A very popular and fast name server specifically meant for serving up lists is rbldnsd. SURBL zone files are available in rbldnsd format. (They are also available in BIND format, though rbldnsd is recommended as significantly leaner and faster.) There are links and instructions for using rbldnsd with rsync in the Links section.
Then arrange with the lists to get rsync access to their zone files. Since rsync only transmits differences, the zone files are kept updated in a very efficient manner. To get rsync access to SURBL zone files, please fill out our data feed access form. Other lists may have similar procedures for gaining rsync access.
Then configure your mail or SpamAssassin servers using lists to do the lookups on your local list name server. Many people run the local DNS for their lists on their mail server(s), which tends to work well since it keeps everything on the same box. If your mail server is separate from your list name server, then set up DNS on the mail server to resolve using that list name server. The following documents may be helpful in setting up local caching:
- Setting up a SURBL name server
- Bob Cottrell's rbldnsd howto
- rbldnsd with BIND under FreeBSD notes
- NJABL's tips for running rbldnsd and rsync (local copy)
- Rick Macdougall's FAQ for rbldnsd and dnscache
- Using BIND and rsync to cache list zones
I'm using an anti-spam or anti-phishing DNS proxy, and I'm seeing legitimate sites marked as unsolicited.
There are some DNS proxy or modification services that change the responses from certain DNS queries in order to prevent users from visiting sites advertised in phishing, unsolicited messages, etc. This can cause errors when using SURBLs if the proxies return an IP address of an alternative (safe) web site. The modified IP address can have an incorrect effect on SURBL list identification depending on where the bit patterns happen to be in the modified response. The result is that legitimate sites may be misidentified, but the effect appears to be somewhat random or arbitrary.
A solution is to disable such site correction or modification features on servers or clients doing SURBL queries. Alternatively, consider using regular (non-modifying) nameservers for those systems. Often the best solution is to set up a local caching nameserver.
Note also that SURBL applications may be incompatible with DNS modification or proxy services that change the DNS query results of non-matches (NXDOMAIN results) for non-existent sites.
Note that as of 1/25/07, OpenDNS no longer modifies results for SURBL lists. It should now be safe to use OpenDNS with SURBL applications. If you find you are behind a firewall or proxy that is modifying SURBL DNS queries incorrectly, one solution is to set up a local caching nameserver. A local caching server can significantly improve performance also.
Some ISPs such as Verizon and Charter are reportedly modifying some DNS NXDOMAIN responses in a way that causes what look like false positives on domains that are not blacklisted. Unfortunately this breaks DNS responses for SURBLs and other blacklists. Please check with your ISP if you are seeing DNS responses modified in this way. Verizon has an opt-out procedure with instructions on switching to DNS servers that do not change NXDOMAIN responses. Others such as Charter have opt-out nameservers that reportedly do not support NXDOMAIN, in which case none of their nameservers may be compatible with DNS blacklists. One solution is to not use your provider's nameservers, for example by setting up your own local caching nameserver instead. Most operating systems have built-in support for running your own nameservers, and a local nameserver can significantly improve performance.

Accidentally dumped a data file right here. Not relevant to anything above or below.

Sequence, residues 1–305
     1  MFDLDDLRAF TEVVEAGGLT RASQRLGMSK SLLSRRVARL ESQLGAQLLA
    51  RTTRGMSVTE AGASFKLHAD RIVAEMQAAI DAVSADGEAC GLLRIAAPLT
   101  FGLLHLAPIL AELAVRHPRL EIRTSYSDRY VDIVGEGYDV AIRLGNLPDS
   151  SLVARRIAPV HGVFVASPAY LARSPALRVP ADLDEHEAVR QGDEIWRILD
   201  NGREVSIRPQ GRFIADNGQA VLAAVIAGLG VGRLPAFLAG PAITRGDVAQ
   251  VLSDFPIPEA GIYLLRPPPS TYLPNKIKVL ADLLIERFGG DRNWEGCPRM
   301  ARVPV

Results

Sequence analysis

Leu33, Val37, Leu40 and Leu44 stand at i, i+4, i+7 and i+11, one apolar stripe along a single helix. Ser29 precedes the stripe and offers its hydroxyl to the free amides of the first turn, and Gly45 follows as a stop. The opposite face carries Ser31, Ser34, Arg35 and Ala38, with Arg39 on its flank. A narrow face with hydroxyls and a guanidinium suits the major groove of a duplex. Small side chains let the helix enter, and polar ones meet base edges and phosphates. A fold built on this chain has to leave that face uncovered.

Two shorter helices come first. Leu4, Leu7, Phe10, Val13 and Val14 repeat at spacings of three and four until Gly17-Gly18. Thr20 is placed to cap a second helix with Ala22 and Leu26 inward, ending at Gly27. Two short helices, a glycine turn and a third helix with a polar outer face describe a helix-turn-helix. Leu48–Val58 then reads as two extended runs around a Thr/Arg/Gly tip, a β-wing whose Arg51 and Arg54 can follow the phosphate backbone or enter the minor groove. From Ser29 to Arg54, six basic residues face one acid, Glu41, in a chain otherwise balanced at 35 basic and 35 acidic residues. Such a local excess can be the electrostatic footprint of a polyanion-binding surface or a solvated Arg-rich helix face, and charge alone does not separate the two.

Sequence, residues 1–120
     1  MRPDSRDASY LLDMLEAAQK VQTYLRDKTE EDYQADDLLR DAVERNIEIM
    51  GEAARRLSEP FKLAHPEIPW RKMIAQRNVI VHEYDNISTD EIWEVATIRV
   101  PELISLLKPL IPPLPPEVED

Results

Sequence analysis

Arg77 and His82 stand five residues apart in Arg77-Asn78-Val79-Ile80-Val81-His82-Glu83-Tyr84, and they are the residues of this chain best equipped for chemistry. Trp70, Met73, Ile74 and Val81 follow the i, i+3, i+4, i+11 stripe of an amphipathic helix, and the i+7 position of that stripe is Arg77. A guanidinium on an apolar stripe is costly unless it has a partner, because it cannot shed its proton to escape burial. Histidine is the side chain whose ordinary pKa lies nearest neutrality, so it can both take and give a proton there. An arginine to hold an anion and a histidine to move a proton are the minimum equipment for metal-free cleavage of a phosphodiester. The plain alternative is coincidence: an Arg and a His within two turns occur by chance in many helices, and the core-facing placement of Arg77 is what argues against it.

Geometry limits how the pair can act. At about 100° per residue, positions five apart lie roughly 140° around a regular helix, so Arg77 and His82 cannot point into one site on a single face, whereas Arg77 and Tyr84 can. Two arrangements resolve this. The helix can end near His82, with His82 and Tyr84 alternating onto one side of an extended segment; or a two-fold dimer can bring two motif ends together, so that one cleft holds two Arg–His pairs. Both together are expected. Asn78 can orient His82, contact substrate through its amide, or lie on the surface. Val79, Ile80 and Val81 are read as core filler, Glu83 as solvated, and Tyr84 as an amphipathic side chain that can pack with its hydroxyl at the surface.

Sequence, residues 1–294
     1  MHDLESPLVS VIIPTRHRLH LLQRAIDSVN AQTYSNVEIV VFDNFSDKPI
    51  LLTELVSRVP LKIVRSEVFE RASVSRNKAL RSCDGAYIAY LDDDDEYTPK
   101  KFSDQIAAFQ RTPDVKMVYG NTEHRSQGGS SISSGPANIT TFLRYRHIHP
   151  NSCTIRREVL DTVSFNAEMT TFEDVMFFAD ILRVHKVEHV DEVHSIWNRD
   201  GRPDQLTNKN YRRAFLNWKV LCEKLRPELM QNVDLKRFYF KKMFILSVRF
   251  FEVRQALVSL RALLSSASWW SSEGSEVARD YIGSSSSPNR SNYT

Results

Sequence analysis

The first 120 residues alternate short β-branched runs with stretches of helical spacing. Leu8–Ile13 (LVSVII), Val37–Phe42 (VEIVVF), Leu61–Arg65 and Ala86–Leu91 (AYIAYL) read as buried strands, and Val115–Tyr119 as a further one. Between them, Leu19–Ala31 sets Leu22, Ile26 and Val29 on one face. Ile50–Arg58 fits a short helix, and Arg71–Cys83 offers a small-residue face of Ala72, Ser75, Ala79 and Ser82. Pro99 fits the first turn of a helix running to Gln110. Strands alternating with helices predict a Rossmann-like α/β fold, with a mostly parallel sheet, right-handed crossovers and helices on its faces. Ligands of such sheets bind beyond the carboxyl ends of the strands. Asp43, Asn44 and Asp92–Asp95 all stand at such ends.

Is there a performance advantage from using name to name comparisons instead of name to IP address checks?
It's definitely quicker to do DNS lookups of the single, cached SURBL query than DNS lookups for Address and/or Name Server records for every web site in every incoming message. By comparing names to names in incoming URIs and SURBLs, we avoid a major performance bottleneck of URI checks that try to resolve wild domain names, whose name servers you have no control over, into IP addresses or NS records. In other words using a SURBL is much quicker.
SpamAssassin 3 and later versions suport SURBLs by default. See the next section for more information about enabing network tests which include SURBL checks. If you're using a version of SpamAssassin older than 3.0, then you should upgrade to the latest version to get some security patches and better performance.
For SpamAssassin 2.63 and 2.64, SpamCopURI is a program that can be used with SURBLs.
Important Note: Matt Kettler says: DO NOT run SA 2.63 on a production server. Upgrade to 2.64 or 3.x because 2.63 has a MIME parsing bug that can be used to DoS your server.
For SpamAssassin 3.X, there is a suite of programs contained in the plugin URIDNSBL including some that can be used with SURBLs and some that can't:
urirhsbl is a program that checks message body URIs against individual SURBLs, i.e., it compares (mostly) domain names found in message bodies against (mostly) domain names in one SURBL per rule.
urirhssub is a program that checks message body URIs against the combined SURBL multi.surbl.org, i.e., it compares (mostly) domain names found in message bodies against (mostly) domain names in multiple SURBLs.
- uridnsbl is the SpamAssassin 3.X program that checks message body URIs against numeric lists, by resolving the URI domain names' NS records, then checking those name server IP addresses against the list. It cannot be used with SURBLs, but can be used with lists of blacklisted name server IPs such as sbl.spamhaus.org.